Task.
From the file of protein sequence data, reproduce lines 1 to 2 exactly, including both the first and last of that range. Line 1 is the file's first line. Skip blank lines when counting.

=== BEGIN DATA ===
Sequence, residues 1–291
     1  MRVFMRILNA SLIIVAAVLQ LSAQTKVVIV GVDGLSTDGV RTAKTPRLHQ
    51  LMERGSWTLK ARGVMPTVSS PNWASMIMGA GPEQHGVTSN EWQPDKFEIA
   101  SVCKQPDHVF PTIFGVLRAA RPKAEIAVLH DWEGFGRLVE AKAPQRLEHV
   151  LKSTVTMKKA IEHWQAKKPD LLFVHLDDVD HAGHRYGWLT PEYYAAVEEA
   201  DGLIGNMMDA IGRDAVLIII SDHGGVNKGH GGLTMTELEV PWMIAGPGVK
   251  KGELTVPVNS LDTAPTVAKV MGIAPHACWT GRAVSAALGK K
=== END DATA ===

Sequence, residues 1–291
     1  MRVFMRILNA SLIIVAAVLQ LSAQTKVVIV GVDGLSTDGV RTAKTPRLHQ